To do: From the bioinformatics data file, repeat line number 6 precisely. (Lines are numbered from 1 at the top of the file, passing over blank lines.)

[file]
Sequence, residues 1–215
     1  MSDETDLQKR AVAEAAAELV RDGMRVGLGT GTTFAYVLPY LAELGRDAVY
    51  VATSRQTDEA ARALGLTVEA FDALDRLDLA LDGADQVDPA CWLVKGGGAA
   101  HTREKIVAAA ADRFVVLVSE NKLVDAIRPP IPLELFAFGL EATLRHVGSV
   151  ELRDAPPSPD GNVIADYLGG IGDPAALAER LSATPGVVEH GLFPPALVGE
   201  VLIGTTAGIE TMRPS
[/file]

   201  VLIGTTAGIE TMRPS